Most of these dams initially produced electrical energy but, in time, they were also used for a wider range of purposes. After the implementation of a dam, water quality is usually compromised due to eutrophication and the impact of human presence and activities in the surrounding areas. Obvious effects are related to the dumping of domestic effluents released without treatment, leading to changes in faunal composition (Gaufin and Tarzewell, 1952; Hodkinson and Jackson, 2005) and nutritional load of water bodies (Paschoal et al., 2012).

Tundisi (1993), Baird (1995), Straskraba and Tundisi (2000) and Ricciardi et al. (2011) list the environmental impacts caused by human actions in freshwater ecosystems, namely the reduction of canopy and riparian vegetation and topsoil erosion of fertile agricultural land due to deforestation; increased levels of contamination, toxicity and organic pollution; negative health effects on humans and other beings; biomagnification and bioaccumulation of contaminants in food chains; accelerated eutrophication due to dumping of agricultural, industrial and urban waste and untreated effluents; detriment of planktonic and benthic diversity; changes in biodiversity due to the removal of native species and the proliferation of some non native and/or invasive species.

The assessment and quantification of these environmental problems are still highly complex and costly, mainly because sources act differently in time and space. However, monitoring of water reservoirs through physical, chemical and biological analysis of water and the community structure of benthic macroinvertebrates allows the detection of possible human impact (e.g. diffuse pollution sources) that may jeopardize water usage and quality. This approach is being used in many limnological studies in Brazil (see Henry, 1999; for further details).

The evaluation, quantification and solution of environmental issues in reservoirs is nonetheless considered insufficient because these reservoirs are formed by river barriers and tributaries. It would also be necessary to verify the impacts of human presence in these hydrographical components. Consequently, the main objective of this study was to assess water quality of springs and river mouths of the fifth-order tributaries that supply the reservoir of the Marechal Mascarenhas de Morais Hydroelectric Power Station in the Middle Rio Grande watershed, Minas Gerais, Brazil. Within this context, this study was conducted based on the assumption that anthropic influence in areas surrounding the tributaries alters the environmental scenario and the quality of water that supplies the reservoir.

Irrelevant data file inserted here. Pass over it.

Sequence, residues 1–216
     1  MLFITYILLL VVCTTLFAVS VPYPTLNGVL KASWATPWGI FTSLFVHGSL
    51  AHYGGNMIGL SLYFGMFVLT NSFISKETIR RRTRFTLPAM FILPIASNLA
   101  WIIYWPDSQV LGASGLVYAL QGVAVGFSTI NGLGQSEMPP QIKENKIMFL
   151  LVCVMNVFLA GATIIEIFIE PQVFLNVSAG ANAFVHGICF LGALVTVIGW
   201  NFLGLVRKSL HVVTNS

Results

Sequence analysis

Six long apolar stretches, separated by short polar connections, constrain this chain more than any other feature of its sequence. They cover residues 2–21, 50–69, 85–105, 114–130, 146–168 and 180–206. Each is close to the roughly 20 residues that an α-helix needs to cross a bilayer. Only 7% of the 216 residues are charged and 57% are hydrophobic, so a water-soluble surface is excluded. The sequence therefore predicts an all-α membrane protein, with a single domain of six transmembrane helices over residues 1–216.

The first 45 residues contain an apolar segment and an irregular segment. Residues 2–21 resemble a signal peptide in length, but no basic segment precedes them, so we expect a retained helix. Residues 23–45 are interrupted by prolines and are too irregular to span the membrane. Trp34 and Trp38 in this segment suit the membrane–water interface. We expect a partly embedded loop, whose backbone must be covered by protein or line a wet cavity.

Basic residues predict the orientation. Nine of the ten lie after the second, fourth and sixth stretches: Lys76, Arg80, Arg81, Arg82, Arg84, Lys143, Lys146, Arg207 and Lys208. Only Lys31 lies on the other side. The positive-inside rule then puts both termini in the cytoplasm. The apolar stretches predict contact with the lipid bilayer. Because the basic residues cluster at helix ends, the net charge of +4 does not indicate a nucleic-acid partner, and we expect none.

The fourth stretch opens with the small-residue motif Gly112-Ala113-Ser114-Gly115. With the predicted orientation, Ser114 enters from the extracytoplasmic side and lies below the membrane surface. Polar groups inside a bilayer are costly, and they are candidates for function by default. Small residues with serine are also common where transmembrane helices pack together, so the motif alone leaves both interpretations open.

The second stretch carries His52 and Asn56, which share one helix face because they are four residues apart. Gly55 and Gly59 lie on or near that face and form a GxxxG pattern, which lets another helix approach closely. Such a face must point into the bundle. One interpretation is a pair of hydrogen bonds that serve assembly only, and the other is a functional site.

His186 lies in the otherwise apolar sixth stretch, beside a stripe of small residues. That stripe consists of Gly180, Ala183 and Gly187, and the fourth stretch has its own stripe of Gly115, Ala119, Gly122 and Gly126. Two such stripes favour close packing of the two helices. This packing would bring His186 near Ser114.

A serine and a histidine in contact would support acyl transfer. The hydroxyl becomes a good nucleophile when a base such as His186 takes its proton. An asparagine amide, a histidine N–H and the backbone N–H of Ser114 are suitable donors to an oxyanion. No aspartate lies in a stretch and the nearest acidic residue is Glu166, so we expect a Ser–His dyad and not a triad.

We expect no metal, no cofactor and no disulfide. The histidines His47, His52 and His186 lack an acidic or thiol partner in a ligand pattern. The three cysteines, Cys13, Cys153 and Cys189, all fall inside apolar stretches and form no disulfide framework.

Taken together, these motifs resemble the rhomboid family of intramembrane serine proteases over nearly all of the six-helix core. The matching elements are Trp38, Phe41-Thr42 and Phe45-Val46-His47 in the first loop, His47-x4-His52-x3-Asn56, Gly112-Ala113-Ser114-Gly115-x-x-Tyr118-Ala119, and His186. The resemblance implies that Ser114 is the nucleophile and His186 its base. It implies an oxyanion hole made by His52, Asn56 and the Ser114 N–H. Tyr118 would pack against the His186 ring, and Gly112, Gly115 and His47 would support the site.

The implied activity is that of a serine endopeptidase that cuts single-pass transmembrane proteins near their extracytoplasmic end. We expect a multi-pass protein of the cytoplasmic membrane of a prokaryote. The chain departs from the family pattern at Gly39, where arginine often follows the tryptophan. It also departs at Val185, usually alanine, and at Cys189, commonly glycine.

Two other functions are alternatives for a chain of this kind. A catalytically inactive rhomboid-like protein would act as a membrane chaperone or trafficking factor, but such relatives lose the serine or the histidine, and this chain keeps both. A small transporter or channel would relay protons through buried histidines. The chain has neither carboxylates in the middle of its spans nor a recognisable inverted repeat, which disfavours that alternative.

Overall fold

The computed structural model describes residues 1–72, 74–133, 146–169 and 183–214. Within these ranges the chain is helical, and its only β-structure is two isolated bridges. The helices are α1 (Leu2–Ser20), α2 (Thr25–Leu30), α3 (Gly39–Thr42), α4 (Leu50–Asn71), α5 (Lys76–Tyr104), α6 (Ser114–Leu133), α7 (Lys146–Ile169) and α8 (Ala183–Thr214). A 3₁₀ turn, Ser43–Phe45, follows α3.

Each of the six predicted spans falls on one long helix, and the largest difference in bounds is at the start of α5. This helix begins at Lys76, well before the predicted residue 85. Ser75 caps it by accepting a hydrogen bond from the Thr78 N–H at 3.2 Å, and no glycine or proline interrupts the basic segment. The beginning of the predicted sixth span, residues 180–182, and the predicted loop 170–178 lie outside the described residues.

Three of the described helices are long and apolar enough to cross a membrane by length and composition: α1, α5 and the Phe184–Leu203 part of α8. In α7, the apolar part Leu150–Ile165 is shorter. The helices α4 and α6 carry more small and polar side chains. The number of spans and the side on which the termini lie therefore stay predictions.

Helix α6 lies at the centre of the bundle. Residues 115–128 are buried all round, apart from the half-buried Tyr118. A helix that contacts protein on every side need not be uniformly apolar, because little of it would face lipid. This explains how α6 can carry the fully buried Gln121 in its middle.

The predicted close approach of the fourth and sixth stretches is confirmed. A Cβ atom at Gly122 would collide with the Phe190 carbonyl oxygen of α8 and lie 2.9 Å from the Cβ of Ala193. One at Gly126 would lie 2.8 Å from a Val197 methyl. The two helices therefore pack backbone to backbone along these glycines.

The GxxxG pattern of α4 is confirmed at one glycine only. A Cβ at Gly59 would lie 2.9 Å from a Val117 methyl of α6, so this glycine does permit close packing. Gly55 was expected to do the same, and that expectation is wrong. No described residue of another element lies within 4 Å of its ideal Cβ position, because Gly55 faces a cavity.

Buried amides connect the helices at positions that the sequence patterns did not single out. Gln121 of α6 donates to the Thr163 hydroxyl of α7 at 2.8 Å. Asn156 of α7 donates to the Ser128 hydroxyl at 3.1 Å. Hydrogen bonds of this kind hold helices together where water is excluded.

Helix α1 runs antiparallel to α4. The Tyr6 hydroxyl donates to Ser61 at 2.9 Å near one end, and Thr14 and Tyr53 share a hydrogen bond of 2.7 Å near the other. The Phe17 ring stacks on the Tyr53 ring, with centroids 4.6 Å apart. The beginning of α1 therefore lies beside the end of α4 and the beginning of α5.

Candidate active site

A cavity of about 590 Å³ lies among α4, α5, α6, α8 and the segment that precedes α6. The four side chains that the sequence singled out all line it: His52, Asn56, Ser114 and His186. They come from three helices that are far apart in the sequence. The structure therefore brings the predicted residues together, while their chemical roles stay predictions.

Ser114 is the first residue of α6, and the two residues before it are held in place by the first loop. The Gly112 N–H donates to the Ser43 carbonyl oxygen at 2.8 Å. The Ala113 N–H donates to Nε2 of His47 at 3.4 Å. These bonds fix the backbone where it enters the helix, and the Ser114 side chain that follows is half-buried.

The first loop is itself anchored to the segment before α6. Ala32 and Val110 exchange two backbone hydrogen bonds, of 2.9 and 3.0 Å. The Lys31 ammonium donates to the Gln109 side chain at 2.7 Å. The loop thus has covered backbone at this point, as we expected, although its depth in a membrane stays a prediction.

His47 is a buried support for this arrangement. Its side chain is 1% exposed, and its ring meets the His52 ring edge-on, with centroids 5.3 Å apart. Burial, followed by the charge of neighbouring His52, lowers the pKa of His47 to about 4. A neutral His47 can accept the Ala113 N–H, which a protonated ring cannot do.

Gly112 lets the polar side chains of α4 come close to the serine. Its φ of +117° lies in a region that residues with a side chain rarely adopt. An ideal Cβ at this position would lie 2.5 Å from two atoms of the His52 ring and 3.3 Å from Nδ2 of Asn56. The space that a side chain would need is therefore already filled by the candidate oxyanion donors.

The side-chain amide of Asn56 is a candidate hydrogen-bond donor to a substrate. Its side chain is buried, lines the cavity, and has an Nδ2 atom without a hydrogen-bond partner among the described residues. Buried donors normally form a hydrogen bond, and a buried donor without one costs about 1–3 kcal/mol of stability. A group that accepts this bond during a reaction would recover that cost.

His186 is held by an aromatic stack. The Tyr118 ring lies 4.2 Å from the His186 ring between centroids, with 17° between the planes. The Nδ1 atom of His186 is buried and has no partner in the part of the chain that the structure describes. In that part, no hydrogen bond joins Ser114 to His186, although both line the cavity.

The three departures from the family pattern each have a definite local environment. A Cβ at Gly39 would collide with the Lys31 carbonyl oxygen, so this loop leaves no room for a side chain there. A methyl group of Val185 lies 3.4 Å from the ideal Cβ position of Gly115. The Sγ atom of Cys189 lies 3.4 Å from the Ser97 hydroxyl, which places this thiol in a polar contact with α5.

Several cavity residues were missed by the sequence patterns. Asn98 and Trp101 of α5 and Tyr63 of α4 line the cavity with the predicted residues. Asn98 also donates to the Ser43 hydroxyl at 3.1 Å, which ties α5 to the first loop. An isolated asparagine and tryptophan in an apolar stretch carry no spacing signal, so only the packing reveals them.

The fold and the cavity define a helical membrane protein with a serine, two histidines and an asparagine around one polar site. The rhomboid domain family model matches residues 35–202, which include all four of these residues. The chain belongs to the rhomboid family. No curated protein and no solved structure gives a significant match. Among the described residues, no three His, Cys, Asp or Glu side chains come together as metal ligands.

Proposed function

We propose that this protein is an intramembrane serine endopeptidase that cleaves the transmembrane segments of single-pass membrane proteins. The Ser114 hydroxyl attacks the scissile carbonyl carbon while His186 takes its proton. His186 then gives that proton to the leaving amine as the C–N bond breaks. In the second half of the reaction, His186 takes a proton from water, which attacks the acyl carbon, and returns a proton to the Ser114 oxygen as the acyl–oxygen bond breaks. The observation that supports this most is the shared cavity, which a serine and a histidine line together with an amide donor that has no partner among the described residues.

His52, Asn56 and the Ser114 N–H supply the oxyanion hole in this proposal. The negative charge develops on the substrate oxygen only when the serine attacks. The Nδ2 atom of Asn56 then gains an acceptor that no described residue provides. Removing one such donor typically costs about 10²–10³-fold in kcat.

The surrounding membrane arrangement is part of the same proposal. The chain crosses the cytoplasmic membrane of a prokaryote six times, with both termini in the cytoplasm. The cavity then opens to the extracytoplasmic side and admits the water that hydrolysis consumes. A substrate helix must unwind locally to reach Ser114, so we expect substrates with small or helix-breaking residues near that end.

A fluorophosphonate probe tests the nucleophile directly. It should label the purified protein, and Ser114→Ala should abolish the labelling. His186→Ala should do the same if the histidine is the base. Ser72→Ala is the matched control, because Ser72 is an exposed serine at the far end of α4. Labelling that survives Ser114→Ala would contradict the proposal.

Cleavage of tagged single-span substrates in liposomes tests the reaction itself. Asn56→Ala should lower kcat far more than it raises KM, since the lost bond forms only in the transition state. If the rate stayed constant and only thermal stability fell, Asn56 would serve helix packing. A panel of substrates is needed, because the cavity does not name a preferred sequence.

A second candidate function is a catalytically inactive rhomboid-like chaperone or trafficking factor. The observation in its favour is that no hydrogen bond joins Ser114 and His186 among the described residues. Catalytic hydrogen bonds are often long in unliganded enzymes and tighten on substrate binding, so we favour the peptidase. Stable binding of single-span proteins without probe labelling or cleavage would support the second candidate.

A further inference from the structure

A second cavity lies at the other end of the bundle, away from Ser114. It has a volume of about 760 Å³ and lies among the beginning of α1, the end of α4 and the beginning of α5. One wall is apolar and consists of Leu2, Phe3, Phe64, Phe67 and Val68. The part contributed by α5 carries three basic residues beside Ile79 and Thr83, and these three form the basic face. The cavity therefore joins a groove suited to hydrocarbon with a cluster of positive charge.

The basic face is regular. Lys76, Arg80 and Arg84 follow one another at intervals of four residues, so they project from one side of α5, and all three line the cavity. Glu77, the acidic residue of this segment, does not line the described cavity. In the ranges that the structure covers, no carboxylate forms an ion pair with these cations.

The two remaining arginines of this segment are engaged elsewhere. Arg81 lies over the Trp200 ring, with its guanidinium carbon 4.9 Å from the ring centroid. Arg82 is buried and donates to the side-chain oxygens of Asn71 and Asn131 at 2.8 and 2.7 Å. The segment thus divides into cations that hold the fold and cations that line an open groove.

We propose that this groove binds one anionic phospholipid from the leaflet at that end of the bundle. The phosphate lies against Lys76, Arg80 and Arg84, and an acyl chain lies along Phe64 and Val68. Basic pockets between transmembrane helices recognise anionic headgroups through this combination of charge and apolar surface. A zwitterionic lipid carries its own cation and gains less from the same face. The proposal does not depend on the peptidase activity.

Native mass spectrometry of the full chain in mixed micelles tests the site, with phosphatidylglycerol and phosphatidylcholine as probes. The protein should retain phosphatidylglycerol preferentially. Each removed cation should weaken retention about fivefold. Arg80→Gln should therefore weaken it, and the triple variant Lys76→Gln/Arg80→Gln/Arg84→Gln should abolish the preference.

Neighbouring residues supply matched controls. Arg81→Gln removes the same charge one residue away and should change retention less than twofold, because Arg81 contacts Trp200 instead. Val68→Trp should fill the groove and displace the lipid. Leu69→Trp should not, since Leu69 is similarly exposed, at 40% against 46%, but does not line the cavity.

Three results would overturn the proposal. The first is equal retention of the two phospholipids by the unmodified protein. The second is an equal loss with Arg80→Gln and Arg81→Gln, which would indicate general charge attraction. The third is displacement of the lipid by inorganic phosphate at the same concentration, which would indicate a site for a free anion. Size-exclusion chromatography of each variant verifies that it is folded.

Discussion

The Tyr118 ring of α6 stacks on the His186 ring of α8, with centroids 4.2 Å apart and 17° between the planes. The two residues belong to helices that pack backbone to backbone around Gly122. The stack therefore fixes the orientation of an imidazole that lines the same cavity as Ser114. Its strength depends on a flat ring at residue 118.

Material and Methods

Study site and data sampling

The Marechal Mascarenhas de Morais (MMM) Hydroelectric Power Station (HPS), commonly known as Peixoto, is near the city of Ibiraci (state of Minas Gerais) between the HPS's Furnas (upstream) and Luiz Carlos Barreto de Carvalho (downstream) in the southeast region of Minas Gerais. It is located in the middle Rio Grande watershed in a limestone zone (Romano et al., 1994). It is inserted in a region with high population density that is gaining prominence in the primary sector, where main activities are sugarcane and coffee cultivation and farming (Andrade, personal observation).

Climate of south-eastern Minas Gerais is typical of the Cerrado region with two well-defined seasons: a dry winter and a rainy summer. According to data obtained from the Agência Nacional de Águas (ANA, 2012) the dry season starts in March and April and ends between September and October. Average annual rainfall is 1300 mm, 86% of which occurs between November and March.

This study was conducted in 14 fifth-order tributaries distributed along the MMM HPS reservoir based on analysis of two points per tributary, one upstream - spring [S] and one downstream - river mouth [M] (Figure 1). Average depth of springs was 50 cm and average depth of river mouths was 500 cm. Water and sediment samples were obtained quarterly between September 2009 and June 2011, in triplicate. Samples and measurements taken in situ occurred between 8:00 AM and 6:00 PM.

Physical, chemical and biological variables of water and sediment

Water samples were collected under the water surface with polyethylene bottles of 1000 mL for physical and chemical variables, except for biochemical oxygen demand and dissolved oxygen which were collected in 250 mL amber bottle. Packaging and preservation of the samples complied with "Standard Methods for the Examination of Water and Wastewater" (APHA, 1998).

For water quality analysis of tributaries, physical, chemical and biological variables were determined. Physical and chemical parameters analyzed in the field were pH - determined by readings of a digital potentiometer model PHS-3B brand PHTEK; conductivity (Cond) - digital conductivity model MB-11 brand MARS; and dissolved oxygen (DO) - method of Winkler modified with sodium azide by Golterman et al. (1978).

Recordings taken at the laboratory comprised content of organic matter (OM), alkalinity (Alk) and hardness (Hard) (Golterman et al., 1978), biochemical oxygen demand (BOD) and total and fecal coliforms (APHA, 1998), total phosphorus (P) (Strickland and Parsons, 1960), total nitrogen (N) (Valderrama, 1981) and chlorophyll-a (Chl) (Nusch, 1980). Analyses of sodium (Na), potassium (K), iron (Fe), calcium (Ca), magnesium (Mg), zinc (Zn) and manganese (Mn) were measured by atomic absorption spectrophotometry using a spectrophotometer Model "A Analyst 100", brand Perkin Elmer.

Environmental level of integrity at collection points was determined by applying the Rapid Assessment Protocol (RAP) developed by Callisto et al. (2002). Eutrophication rate of MMM HPS tributaries was estimated by calculating the Trophic Level Index (TLI) of Lamparelli (2004).